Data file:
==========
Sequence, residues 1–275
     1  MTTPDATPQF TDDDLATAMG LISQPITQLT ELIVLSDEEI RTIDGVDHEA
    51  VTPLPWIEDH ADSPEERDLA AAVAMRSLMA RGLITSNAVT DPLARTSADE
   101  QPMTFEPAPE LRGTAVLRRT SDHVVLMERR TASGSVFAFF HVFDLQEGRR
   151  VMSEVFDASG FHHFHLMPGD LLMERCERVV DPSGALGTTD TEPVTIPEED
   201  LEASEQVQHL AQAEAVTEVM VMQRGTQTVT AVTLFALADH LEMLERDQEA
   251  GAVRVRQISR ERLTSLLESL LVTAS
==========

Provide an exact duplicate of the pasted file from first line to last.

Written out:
Sequence, residues 1–275
     1  MTTPDATPQF TDDDLATAMG LISQPITQLT ELIVLSDEEI RTIDGVDHEA
    51  VTPLPWIEDH ADSPEERDLA AAVAMRSLMA RGLITSNAVT DPLARTSADE
   101  QPMTFEPAPE LRGTAVLRRT SDHVVLMERR TASGSVFAFF HVFDLQEGRR
   151  VMSEVFDASG FHHFHLMPGD LLMERCERVV DPSGALGTTD TEPVTIPEED
   201  LEASEQVQHL AQAEAVTEVM VMQRGTQTVT AVTLFALADH LEMLERDQEA
   251  GAVRVRQISR ERLTSLLESL LVTAS